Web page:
The Pre-Kindergarten curriculum is rich and varied, responding to the many ways that children learn and grow. Pre-Kindergarten children are learning to reason and use logic; they learn routines and can follow directions; their ability to use language to solve problems increases; and they enjoy being a member of a group or team. Further, their interest in words increases, and they are beginning to incorporate letters or words into their pictures. They like rote counting and are practicing one-to-one correspondence.
Students become increasingly willing to take risks in their learning and are better able to accept mistakes. In Pre-Kindergarten, part of the day includes many choices; other time is devoted to focused work, such as studying patterns, investigating one of the five senses, or developing ideas that illustrate our similarities and differences.
The Letter of the Week study, which spans much of the school year, is a dynamic experience that includes imaginary travel on a magic plane to new locations; tasting new foods during snack time; reading a special story; participating in a science experiment; and an introduction to handwriting—all of which connect with the chosen letter of the week.
Pre-K mathematics includes use of mathematical language; developing number sense; one-to-one correspondence; ordering; comparing; predicting and estimating; sorting; and writing numbers. The students find mathematical experiences within the natural environment, the symmetry of a leaf, the effects of temperature change on water, and other such tangible real-world scenarios.
Pre-K students expand upon Nursery’s science explorations with trips to Central Park and an apple orchard. Each week, students participate in a new science experiment that leads them to ask good questions and use all five senses to predict, observe, and document their experience. The experiments are hands-on exercises, such as color mixing, and testing salty, sweet, and sour tastes.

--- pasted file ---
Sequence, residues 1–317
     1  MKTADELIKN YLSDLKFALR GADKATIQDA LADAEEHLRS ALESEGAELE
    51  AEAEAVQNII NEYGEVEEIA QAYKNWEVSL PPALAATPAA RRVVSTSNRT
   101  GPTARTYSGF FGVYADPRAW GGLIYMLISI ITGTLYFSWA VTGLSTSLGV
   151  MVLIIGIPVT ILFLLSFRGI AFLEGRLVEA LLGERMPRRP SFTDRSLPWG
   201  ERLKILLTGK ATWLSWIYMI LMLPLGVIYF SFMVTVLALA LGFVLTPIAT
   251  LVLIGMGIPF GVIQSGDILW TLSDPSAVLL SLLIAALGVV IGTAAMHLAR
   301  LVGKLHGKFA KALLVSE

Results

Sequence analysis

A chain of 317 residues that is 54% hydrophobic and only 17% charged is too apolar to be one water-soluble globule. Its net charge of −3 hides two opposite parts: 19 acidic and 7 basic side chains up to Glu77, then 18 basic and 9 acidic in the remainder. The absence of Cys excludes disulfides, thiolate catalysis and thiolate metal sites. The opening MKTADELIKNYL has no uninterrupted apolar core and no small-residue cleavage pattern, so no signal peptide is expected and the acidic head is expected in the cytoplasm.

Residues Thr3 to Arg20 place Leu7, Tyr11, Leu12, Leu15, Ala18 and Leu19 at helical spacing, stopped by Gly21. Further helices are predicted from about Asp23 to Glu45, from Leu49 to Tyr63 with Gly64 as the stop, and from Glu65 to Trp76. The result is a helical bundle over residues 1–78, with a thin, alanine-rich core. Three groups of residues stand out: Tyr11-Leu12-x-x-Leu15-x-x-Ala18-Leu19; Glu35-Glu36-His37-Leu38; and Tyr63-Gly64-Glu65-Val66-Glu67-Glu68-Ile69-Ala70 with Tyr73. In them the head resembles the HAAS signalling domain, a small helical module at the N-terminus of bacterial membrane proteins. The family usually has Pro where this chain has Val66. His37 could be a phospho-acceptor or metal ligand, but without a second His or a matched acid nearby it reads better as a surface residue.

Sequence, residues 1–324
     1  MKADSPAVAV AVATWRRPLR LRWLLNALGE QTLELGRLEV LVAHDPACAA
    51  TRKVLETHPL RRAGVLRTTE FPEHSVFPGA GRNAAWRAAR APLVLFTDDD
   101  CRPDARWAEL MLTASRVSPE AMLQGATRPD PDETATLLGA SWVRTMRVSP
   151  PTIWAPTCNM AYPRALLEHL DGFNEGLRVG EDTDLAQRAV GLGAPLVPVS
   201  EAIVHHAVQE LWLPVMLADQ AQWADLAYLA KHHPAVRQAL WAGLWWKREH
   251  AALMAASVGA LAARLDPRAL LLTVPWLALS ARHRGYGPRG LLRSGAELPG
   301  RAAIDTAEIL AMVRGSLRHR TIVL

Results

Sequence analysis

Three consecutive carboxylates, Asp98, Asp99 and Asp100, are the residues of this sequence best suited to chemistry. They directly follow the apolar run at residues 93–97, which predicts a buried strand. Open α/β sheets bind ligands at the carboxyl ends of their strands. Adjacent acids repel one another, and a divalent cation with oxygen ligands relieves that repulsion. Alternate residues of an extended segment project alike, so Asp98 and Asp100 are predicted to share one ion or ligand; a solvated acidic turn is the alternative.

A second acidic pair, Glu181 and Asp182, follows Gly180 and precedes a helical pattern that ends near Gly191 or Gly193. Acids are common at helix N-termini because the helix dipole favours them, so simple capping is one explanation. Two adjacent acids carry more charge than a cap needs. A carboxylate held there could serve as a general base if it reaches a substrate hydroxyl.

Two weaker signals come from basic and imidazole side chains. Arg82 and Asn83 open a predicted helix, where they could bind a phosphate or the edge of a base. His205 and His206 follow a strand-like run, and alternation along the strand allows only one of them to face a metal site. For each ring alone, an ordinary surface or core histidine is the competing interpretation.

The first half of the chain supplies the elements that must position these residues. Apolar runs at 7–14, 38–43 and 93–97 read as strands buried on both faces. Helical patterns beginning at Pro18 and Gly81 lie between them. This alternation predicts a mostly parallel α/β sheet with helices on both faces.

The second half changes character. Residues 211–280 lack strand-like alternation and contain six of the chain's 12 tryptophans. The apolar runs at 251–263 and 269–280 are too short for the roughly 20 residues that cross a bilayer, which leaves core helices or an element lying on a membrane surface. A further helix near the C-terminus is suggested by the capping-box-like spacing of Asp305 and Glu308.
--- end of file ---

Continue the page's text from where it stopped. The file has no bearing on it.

Pre-K social studies responds to students’ increased curiosity about their world and focuses on what they know best: their families and homes. It engages children as they learn about commonly shared experiences and identify differences. Pre-K students participate in a variety of activities throughout the year that nurture interconnectedness and a sense of place within families, school, larger communities, and the world. These activities include field trips, cooking, art projects, and narrative illustrations.
In Pre-K, students master basic locomotor movements and manipulative skills through carefully structured games that are playful and creative in nature. They are introduced to a wide range of materials—including different types and sizes of balls, beanbags, beach balls, and balloons—all of which encourage the development of eye-hand coordination skills.
Music is experiential, and each child is encouraged to participate based on the premise that experiencing music precedes intellectually understanding it. Our music program involves movement, singing, and ear-training games. It also emphasizes singing and the sequential development of musical skills. Students experience and explore concepts such as meter, form, dynamics, rhythmic notation, and melodic notation. The curriculum includes drama games, creative movement, and folk dancing.
The Pre-K experience is an introduction to comprehending different ways of thinking, communicating, and living in a global society. Teaching language at a young age facilitates the development of foundational skills, including listening, speaking, and phonics. With time, students progress to acquiring more sophisticated skills—such as reading and writing—that enable them to be communicative risk takers.
Many projects stem from source materials found in Central Park. Materials are studied in depth in the art studio, and are eventually incorporated into artwork. Projects build students’ vocabulary around artistic methods, materials, and tools. Students are exposed to various artists and artistic traditions from around the world as they gain a deeper appreciation and understanding of art and artistic processes. They become fluent in artistic practices and begin to see the connections within interdisciplinary projects.